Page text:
Tag: jess whelan

Zreika an “inspiration” for fast-rising Whelan

GREATER Western Sydney (GWS) GIANTS Academy member Jess Whelan doesn’t have to look far for inspiration as she powers through her footballing journey. In the same charcoal and orange colours she donned this year during a one-game NAB League Girls stint, a top-flight gem has already paved a path worth following.

That gem is Haneen Zreika, a zippy GIANTS midfielder whose journey to the AFLW skipped through a couple of codes – much like Whelan is currently emulating.

“(Zreika) is an inspiration,” Whelan said. “Probably because she played Rugby League and AFL as well, which is similar to me.”

The 18-year-old says “positional play” and “tackling” are just a couple of the skills she has transferred from one sport to the other, making the transition that bit easier. For a prospect who only started out in Australian football “a few years ago”, she has made significant strides throughout the pathway – representing the Eastern Allies thrice in 2019, before turning out for the Allies this year.

“I played a year and then got picked to play (NSW-ACT) Rams,” she said. “I did that and then got into the Eastern Allies squad that year as well, then Covid hit the next year and now I’m with the Allies.”

In a slightly different mix to Whelan’s Eastern Allies experience, the 2021 Allies squad was comprised of players from NSW-ACT, Tasmania, and the Northern Territory. Whelan was one of eight GIANTS Academy members to be included in the 24-player squad.

“(The Allies experience) has been pretty good,” she said. “I’m getting along with a lot of the Tassie girls and it’s good just to meet people across Australia and see their different ways and how their footy’s going.”

Whelan, a 175cm winger also collected 15 disposals, four marks, four inside 50s and a goal as the GIANTS Academy defeated Murray Bushrangers in Round 6 of this year’s NAB League Girls competition. She was able to showcase a couple of her core strengths in that outing, with the key ones she identified being kicking and her running capacity on the wing.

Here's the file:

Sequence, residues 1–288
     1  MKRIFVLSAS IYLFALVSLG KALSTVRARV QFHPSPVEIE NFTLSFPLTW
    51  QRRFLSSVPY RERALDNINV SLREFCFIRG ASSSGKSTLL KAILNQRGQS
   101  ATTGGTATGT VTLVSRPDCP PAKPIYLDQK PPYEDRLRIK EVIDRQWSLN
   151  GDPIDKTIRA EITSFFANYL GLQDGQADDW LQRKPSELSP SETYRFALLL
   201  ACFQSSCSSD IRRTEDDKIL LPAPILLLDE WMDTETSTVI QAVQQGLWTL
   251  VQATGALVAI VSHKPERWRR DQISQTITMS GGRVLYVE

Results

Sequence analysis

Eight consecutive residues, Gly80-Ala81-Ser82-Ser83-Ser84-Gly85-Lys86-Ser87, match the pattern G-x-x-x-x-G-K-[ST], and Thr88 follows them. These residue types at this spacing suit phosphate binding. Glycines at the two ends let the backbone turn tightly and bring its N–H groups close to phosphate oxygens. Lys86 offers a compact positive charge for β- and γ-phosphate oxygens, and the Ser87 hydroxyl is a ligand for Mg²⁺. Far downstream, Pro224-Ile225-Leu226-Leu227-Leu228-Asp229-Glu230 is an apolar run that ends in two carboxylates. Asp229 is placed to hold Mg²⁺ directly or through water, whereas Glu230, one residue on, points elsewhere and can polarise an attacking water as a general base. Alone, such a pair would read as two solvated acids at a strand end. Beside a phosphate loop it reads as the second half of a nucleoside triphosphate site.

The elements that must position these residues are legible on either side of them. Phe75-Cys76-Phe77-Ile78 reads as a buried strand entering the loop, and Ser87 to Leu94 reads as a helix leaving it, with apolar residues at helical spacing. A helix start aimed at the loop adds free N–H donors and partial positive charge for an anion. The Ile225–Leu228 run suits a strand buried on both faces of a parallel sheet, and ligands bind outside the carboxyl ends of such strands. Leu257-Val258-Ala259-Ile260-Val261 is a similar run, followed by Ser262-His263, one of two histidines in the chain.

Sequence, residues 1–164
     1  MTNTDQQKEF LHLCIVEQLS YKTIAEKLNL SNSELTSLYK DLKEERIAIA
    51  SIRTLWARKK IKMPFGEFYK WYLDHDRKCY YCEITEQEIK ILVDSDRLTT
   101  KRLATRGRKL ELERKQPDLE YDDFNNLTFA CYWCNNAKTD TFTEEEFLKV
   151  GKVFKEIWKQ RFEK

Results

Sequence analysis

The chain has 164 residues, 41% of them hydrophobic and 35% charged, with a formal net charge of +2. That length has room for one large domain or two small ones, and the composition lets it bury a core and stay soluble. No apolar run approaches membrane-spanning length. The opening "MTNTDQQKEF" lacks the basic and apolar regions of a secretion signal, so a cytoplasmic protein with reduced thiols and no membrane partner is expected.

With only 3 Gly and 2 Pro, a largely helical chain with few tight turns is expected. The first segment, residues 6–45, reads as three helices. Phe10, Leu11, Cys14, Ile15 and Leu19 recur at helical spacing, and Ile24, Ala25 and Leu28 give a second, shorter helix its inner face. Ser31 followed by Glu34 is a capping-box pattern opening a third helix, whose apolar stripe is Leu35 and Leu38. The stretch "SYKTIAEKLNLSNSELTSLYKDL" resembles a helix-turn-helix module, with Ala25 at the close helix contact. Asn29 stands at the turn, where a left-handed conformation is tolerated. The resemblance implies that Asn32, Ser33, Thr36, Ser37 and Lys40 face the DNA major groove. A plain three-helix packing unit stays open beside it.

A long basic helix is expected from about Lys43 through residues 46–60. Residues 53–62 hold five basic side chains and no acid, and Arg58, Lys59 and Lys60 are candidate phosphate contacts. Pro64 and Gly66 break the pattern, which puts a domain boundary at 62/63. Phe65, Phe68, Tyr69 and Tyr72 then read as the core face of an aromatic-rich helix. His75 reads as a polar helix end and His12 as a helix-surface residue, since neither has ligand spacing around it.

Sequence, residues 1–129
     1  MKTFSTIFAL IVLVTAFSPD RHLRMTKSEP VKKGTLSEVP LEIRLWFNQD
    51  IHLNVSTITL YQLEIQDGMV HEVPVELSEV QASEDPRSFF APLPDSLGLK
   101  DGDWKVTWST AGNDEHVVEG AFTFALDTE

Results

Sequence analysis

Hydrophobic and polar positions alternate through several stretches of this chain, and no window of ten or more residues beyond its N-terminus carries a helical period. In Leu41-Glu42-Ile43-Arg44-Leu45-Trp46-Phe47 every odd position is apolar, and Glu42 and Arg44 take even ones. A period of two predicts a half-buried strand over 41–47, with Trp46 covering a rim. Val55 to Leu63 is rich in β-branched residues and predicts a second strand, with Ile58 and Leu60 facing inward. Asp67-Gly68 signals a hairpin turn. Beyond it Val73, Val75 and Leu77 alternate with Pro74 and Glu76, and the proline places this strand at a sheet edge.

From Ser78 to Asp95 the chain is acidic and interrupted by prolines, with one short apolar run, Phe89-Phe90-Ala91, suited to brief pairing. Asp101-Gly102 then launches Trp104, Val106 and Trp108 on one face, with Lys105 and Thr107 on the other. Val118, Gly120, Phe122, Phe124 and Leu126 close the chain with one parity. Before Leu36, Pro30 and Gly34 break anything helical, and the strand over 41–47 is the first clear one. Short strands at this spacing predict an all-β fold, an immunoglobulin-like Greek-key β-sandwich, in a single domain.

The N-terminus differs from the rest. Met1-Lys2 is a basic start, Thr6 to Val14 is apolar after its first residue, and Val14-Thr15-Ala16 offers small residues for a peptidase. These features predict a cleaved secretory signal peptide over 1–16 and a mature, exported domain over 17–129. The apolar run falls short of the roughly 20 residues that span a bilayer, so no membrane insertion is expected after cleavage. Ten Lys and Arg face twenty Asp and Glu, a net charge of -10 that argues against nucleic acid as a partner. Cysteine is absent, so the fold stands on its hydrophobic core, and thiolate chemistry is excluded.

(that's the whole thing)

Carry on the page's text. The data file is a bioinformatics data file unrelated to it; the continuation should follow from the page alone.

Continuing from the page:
While kicking on one foot is a strength, Whelan is working on becoming a more dual-sided player as she makes her left-sided kicking “more precise.”

As far as her footballing goals go, the youngster is keeping them relatively simple. Having come so far already in a short span of time, she says the end goal is to “try and get as far as (she) can.”

Passion and determination drives Doyle to succeed

AT only 17-years-old, Lillian Doyle has plenty of talent and passion to boot, playing for Eastern Allies in the AFL Women’s U18 Championships and giving both soccer and rugby a try before making the switch to footy, having always been interested in the sport.

“I was kicking the soccer ball over at the AFL oval across from my home one time and I had one of the AFL coaches come up to me and say ‘oh you have a hectic left foot, do you want to come and play AFL with the boys’,” Doyle said. I’d grown up with a whole bunch of boys so I was a bit of a tomboy myself and I’d always wanted to play footy. “I grew up playing rugby when I was younger but I hit 12 and then I couldn’t play anymore. I was 13 when they (AFL coaches) picked me up actually, and they said I was allowed to play with the boys so obviously I snatched that opportunity up and here I am five years later still playing footy.”

Doyle has a wealth of experience, playing with the SUNS Academy prior to joining Eastern Allies and showcasing her versatility with a willingness to shake up her position on the field when needed, such as being thrown back during the AFLW Under-18 Championships.

“So I actually played with the Suns Academy quite a few years back before I played with the NSW side, and we trained there (at Metricon Stadium) quite a few times and every time we go there it blows me away, it’s just such an amazing field and it’s amazing that they actually allow us to play on it every year,” she said. “I think it’s a really good opportunity to at least showcase to the other girls who are coming into the AFL academies that, you know, this is where you can come to one day and what you might be playing on one day.”